Magazine article Sunset


Magazine article Sunset


Article excerpt

A noodle-armed novice learns to love rock climbing

I don't look like rock-climbing material. I'm only moderately athletic, I don't love heights, and I can do exactly one push-up. But now that I've learned the basics of the sport, I know that my noodle arms are not reasons to stay away from rock faces. As Mykael Lazzeri, an instructor at Mission Cliffs climbing gym in San Francisco, says: "If you can climb a ladder, you can climb a rock."

This is good news for anyone looking for an outdoor activity that is both physically challenging and mentally engaging. Steve Gerberding, an instructor at Joshua Tree Rock Climbing School and a 26-year climbing veteran, says, "Rock climbing is puzzle solving."

Climbing as an indoor sport

An indoor climbing gym is the best place for a novice to start. Gyms supply gear and instruction-and they have padded floors. Despite the fact that there is almost no chance of falling all the way down (known as "decking"), that padding is reassuring the first time you Spider-Man your way up a vertical surface.

The first rule of climbing is safety. So we start by learning how to put on a harness correctly and tie the rope that will be our lifeline. Minutes into my class at Mission Cliffs, I have mastered the figure-eight follow-through knot, the cornerstone of rock climbing. The next 20 minutes are devoted to belaying, in which the climber's partner uses a belay device to control the rope's slack, ensuring that the climber doesn't get injured if she loses her grip. And soon I find myself hanging 20 feet above the floor, having just climbed a wall for the very first time.

Now that I've learned how to tie in, belay, and climb, Lazzei sets me loose to find a buddy so we can take turns as belayer and climber.

My first partner is a young woman who has been climbing indoors for about a month. She urges me to use my leg muscles to push off the small resin holds and to trust my feet. This takes all my strength; I am working against a standard fear of heights. When I mention it to Lazzeri, he says, "Trust your fear. It's there to help you."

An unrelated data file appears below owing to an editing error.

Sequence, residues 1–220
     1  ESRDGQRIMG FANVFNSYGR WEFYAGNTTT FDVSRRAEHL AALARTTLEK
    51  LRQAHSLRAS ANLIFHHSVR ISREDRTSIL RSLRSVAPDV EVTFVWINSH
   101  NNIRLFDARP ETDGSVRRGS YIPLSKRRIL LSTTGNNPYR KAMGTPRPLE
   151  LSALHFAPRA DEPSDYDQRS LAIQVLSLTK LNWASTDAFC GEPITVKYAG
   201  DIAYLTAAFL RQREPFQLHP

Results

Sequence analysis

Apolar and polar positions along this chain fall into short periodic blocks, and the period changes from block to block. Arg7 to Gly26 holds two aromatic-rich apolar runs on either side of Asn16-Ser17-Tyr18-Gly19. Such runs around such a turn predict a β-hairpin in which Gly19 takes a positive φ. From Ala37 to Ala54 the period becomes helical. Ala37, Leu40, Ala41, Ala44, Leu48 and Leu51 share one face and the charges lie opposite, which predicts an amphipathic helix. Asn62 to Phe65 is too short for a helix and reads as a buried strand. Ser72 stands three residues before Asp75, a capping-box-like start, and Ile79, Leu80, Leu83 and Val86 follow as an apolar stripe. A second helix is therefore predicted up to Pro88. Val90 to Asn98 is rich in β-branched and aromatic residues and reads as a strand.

My second indoor class is Joel Cortez's "Basic Technique." Cortez starts by announcing that climbing is all in the legs. He teaches us to smear (use the pressure of the ball of the foot against a flat wall to step up) and match (bring both hands or feet together on the same hold), and most importantly, to position our bodies to take advantage of momentum, balance, and weight distribution. The difference is incredible. By the end of the two-hour class, I have climbed an easy intermediate route; it wouldn't impress the guys on El Capitan in Yosemite National Park, but it pleases me quite a bit.

Scaling rocks in Joshua Tree

After just two sessions inside, I want to get outside. That is why at 8 A.M. on a Saturday I find myself standing in a parking lot in Southern California's Joshua Tree National Park, which is famous for the quartz monzonite rock that draws climbers from all over the world. Here I meet 10 other students, as well as instructors Steve Gerberding and Don Reid from the Joshua Tree Rock Climbing School.

The class is an even mixture of men and women; everyone but me is in his or her 20s. Their youth discourages me until Gerberding tells us that one of his favorite climbing students, a mail who takes private lessons, is 82.

We spend the morning bouldering (moving along a rock a few feet off the ground with no ropes or harnesses). …

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